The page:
On Wed, 19 Feb 2020 at 17:17, John Pilkington <email@example.com> wrote: > Thanks for restoring the edit marker :-)
Heh - I would have done it ages ago but didn't realise Jonatan had
spotted the issue:) > Minor observations:
> 'Standard' playback of SD DVB-T mpeg2video is fine but nearing the limit
> of my 2.6 GHz core2duo with 2x CPU yadif.
Assuming this is one of your machines with the opengl problem, you're
hitting a double whammy of cpu load on that box.
Firstly, OpenGL is emulated in software. I still have no better idea
of what is happening - but have you considered either compiling from
source yourself or tying a different distro? - Ubuntu would be the
obvious choice. The former would eliminate the build as an issue and
the latter any oddities with your distro (Scientific Linux iirc -
which I think is now deceased?)
Secondly, the current CPU deinterlacer selection doesn't offer a
middle ground performance wise. The bob/onefield filter is very fast,
but very 'bobby', whereas both of the libavfilter options (yadif and
bwdif) are high quality but very CPU intensive. libavfilter doesn't
offer anything else that I can see that meets our needs - those are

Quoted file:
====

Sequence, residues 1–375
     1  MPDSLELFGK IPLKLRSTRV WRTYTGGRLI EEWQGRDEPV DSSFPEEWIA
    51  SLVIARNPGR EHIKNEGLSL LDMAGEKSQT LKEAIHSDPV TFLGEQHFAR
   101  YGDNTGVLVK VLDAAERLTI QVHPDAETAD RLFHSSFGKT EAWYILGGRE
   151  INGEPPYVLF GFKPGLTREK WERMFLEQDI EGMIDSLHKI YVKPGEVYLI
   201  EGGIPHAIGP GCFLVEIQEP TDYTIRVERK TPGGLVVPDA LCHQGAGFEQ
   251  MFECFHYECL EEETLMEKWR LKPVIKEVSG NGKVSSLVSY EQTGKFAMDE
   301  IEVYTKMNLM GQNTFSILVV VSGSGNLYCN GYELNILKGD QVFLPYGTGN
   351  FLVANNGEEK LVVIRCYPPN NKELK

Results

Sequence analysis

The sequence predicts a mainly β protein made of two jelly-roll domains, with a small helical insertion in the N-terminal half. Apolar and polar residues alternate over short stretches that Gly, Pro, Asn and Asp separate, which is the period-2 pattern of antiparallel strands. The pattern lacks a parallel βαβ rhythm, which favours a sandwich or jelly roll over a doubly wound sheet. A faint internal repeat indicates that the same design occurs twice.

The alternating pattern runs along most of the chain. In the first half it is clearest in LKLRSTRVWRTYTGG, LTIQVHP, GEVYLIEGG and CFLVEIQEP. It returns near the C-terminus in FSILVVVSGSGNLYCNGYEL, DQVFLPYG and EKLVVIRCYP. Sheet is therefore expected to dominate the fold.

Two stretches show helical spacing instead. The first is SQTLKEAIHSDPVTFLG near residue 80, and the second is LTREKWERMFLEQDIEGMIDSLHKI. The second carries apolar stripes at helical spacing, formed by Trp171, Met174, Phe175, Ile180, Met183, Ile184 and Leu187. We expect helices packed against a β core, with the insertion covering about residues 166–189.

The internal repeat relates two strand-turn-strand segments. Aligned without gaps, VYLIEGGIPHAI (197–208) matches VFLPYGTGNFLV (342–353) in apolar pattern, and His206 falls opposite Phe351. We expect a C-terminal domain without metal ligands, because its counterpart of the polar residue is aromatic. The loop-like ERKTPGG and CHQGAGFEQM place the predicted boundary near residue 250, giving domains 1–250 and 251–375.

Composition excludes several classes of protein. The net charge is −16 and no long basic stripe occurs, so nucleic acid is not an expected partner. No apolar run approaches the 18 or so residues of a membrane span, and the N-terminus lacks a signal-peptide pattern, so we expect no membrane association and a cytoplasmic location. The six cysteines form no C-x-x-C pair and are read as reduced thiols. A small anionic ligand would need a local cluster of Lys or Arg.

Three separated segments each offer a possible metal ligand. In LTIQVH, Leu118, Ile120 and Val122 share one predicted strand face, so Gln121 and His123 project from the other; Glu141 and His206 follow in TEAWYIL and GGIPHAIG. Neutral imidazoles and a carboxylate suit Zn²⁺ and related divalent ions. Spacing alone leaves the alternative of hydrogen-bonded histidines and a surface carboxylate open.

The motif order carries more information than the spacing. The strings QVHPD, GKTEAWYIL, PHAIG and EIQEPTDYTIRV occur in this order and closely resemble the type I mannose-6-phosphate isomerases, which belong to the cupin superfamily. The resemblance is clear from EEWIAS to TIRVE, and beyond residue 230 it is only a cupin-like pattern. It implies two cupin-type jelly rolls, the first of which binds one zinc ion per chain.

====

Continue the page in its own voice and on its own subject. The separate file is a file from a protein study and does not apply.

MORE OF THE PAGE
currently the only deinterlacers that can be run at double rate.
I'm thinking of either trying to 'fudge' a medium quality deinterlacer
with what is available in libavfilter and libswscale - or just writing
a new one... > nVdec with h264 is still giving decoding artefacts with static pictures,
> and with mpeg2video the smaller steps in the editor are often not as
> expected. It looks as if the most recent commits are for vaapi.
I spent some time testing editing, single frame seeks etc yesterday on
various machines. As far as I can tell, with the latest fix to the
VAAPI deinterlacers, the behaviour is consistent across software
decode with any deinterlacer (CPU and GLSL), VDPAU and VAAPI.
NVDEC is the problem. There is a small issue, as you noted, of the
first forward seek not being seen on screen, which should be fixable
and is a result of the changes I made to handle stream changes. The
bigger issue is that when NVDEC deinterlacing is enabled, short
backwards seeks are totally innacurate. This is an issue with how we
handle the increased framerate seen when NVDEC does the deinterlacing.
I'm considering switching to use the cuda-yadif deinterlacing filter -
which will eliminate the framerate issue in most cases and give us
full control of deinterlacing. Currently we can only enable NVDEC when
the decoder is opened. > On my later i3 box, with an earlier Myth build and an nVidia GT 710
> card (low-end but uses the current driver) I got noticeably better
> playback of HD content using standard decoding. It shows during
> panning. But that was with 4 cores at ~3 GHz. I don't know what the
> SoCs are doing...
A GT 710 may be low end by modern standards - but should be more than
capable of handling not only VDPAU (and NVDEC) decoding, but the GLSL
filters should be fine. No need to use CPU deinterlacing at all - or
even CPU decoding. One of my test setups is a 10 year old GT210 paired
with a 12 year old CPU - no playback issues with any UK broadcast
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